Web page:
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Lengel v. HomeAdvisor, Inc.

United States District Court, D. Kansas

May 6, 2015

EMERALD LENGEL, individually and on behalf of all others similarly situated. Plaintiff,

Decided May 5, 2015.

For Emerald Lengel individually and on behalf of all others similarly situated, Plaintiff: Daniel Bryden, Kai H. Richter, LEAD ATTORNEYS, PRO HAC VICE, Nichols Kaster, PLLP, Minneapolis, MN; Mark A. Kistler, LEAD ATTORNEY, Michael F. Brady, Brady & Associates Law Office, Overland Park, KS.

For HomeAdvisor, Inc., Defendant: Alexander C. Clayden, Stephen J. Horace, LEAD ATTORNEYS, PRO HAC VICE, Lathrop & Gage, LLP - Denver, Denver, CO; Mark A. Samsel, LEAD ATTORNEY, Lathrop & Gage, LLP - OP, Overland Park, KS.


Richard D. Rogers, United States District Judge.

Plaintiff made application for employment with defendant. During this process, plaintiff signed a form which permitted defendant to procure a consumer report as a kind of background check. Plaintiff now brings this action alleging that defendant violated a provision of the Fair Credit Reporting Act (FCRA) which governs disclosures that are required prior to procuring such a consumer report. The FCRA provision at issue states in part that it is illegal to " procure, or cause a consumer report to be procured, for employment purposes with respect to any consumer, unless . . . a clear and conspicuous disclosure has been made in writing to the consumer at any time before the report is procured or caused to be procured, in a document that consists solely of the disclosure, that a consumer report may be obtained for employment purposes." 15 U.S.C. § 1681b(b)(2)(A)(i) (emphasis added). Plaintiff alleges that the disclosure defendant made to her was not in a document consisting solely of the disclosure, contrary to FCRA requirements. This case is now before the court upon defendant's motion to dismiss for failure to state a claim pursuant to Fed.R.Civ.P. 12(b)(6).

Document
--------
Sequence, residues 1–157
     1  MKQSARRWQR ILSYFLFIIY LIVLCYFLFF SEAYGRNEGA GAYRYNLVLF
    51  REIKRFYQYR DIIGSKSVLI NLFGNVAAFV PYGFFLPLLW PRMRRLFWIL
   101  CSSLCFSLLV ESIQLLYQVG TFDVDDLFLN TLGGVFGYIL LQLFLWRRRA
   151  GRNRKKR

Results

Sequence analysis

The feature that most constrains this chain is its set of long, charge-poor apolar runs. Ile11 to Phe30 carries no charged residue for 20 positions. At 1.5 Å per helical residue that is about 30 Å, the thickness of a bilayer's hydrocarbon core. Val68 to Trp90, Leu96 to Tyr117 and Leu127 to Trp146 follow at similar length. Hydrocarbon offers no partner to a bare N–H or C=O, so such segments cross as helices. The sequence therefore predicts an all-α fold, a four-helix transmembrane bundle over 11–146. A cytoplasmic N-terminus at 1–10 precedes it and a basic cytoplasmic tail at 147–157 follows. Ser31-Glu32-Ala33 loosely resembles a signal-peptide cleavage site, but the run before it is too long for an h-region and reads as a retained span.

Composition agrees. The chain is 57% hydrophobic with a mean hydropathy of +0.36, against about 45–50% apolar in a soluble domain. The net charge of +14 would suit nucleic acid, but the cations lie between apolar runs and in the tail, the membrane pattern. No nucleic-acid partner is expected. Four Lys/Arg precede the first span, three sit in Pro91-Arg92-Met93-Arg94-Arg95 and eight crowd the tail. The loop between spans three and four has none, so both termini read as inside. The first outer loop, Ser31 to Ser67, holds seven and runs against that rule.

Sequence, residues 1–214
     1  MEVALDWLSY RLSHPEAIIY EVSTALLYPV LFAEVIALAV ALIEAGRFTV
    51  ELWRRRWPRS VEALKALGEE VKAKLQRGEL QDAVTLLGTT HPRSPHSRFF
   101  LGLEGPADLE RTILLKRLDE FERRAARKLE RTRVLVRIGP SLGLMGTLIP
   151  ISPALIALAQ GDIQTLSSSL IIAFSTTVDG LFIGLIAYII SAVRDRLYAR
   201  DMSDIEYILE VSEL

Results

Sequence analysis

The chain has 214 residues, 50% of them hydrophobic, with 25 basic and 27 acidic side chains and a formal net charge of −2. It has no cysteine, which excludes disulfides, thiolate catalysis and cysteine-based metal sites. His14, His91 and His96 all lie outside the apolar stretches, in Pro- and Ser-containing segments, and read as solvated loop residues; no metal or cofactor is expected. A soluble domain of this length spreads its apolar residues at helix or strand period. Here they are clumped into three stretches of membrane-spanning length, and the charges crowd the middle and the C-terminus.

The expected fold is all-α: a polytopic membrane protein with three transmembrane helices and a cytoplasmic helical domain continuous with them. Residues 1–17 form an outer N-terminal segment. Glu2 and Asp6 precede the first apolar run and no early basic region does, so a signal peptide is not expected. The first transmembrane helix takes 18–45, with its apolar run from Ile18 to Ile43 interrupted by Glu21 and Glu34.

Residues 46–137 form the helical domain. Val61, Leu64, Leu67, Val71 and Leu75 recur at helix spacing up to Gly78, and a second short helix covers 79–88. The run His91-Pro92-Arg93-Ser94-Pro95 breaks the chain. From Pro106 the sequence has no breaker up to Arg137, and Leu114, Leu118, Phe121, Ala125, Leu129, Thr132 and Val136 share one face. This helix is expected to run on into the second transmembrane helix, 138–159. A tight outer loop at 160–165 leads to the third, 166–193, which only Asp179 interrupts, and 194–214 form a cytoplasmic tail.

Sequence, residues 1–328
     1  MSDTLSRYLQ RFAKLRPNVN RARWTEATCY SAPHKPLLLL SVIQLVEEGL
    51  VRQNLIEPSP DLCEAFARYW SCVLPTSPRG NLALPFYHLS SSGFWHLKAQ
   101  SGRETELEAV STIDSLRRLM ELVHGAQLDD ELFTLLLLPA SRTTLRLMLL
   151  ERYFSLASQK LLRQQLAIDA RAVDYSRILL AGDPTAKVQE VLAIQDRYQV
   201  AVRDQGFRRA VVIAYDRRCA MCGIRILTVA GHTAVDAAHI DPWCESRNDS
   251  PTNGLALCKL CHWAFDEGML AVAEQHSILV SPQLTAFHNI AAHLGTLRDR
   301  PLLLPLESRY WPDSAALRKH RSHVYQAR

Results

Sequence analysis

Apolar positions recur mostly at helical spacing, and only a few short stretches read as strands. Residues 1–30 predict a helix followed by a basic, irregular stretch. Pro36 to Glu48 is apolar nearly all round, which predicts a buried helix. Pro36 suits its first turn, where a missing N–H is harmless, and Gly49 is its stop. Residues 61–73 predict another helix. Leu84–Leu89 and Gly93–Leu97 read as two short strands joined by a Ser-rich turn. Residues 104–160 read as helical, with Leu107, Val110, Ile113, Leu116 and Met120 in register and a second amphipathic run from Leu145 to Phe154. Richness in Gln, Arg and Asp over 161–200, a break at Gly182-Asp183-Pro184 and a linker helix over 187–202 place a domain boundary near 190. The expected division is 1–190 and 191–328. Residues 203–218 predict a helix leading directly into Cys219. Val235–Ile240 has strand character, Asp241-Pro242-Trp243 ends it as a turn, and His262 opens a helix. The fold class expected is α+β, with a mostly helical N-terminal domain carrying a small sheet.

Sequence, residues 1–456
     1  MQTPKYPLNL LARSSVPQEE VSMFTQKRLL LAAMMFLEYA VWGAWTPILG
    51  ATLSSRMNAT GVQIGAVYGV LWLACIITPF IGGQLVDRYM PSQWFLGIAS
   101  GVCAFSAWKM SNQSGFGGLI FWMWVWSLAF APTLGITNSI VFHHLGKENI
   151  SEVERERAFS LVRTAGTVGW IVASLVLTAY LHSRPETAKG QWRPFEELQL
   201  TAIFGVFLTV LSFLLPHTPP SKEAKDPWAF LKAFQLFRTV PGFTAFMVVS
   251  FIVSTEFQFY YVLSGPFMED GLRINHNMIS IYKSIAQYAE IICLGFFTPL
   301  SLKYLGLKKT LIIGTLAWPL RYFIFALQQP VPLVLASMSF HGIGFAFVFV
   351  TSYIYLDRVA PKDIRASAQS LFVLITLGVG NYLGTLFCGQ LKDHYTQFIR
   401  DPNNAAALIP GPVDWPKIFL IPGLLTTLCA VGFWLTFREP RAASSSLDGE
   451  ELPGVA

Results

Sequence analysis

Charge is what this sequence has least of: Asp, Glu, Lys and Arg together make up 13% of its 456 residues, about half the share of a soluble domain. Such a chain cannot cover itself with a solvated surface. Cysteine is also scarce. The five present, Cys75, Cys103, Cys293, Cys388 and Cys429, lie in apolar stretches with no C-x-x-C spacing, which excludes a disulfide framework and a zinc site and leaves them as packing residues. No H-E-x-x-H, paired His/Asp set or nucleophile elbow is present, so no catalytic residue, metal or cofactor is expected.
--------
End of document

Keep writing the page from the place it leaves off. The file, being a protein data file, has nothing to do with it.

Plaintiff does not allege actual damages. Defendant's motion to dismiss argues, and it is undisputed by plaintiff, that in order to obtain statutory damages for a violation of the FCRA, plaintiff must allege a knowing or reckless violation of the statute. The statute requires proof of willful noncompliance to obtain statutory damages. § 1681n(a). A willful violation requires proof of knowing or reckless conduct. Safeco Ins. Co. of America v. Burr, 551 U.S. 47, 57, 127 S.Ct. 2201, 167 L.Ed.2d 1045 (2007). Defendant asserts that plaintiff has failed to plausibly allege a willful violation of the FCRA. The court disagrees. For the reasons which follow, the court finds that plaintiff has alleged a plausible claim that defendant recklessly violated the provisions of § 1681b(b)(2)(A)(i).